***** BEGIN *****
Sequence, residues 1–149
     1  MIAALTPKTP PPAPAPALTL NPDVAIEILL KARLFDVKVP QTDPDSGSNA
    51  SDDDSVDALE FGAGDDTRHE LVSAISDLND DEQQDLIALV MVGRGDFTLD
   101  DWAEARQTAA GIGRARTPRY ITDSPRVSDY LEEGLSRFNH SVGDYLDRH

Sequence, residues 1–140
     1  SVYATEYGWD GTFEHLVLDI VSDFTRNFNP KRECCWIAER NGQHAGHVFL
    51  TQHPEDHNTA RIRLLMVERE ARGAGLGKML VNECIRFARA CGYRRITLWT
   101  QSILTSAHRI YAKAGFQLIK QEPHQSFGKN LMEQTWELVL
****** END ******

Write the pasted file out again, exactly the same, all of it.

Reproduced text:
Sequence, residues 1–149
     1  MIAALTPKTP PPAPAPALTL NPDVAIEILL KARLFDVKVP QTDPDSGSNA
    51  SDDDSVDALE FGAGDDTRHE LVSAISDLND DEQQDLIALV MVGRGDFTLD
   101  DWAEARQTAA GIGRARTPRY ITDSPRVSDY LEEGLSRFNH SVGDYLDRH

Sequence, residues 1–140
     1  SVYATEYGWD GTFEHLVLDI VSDFTRNFNP KRECCWIAER NGQHAGHVFL
    51  TQHPEDHNTA RIRLLMVERE ARGAGLGKML VNECIRFARA CGYRRITLWT
   101  QSILTSAHRI YAKAGFQLIK QEPHQSFGKN LMEQTWELVL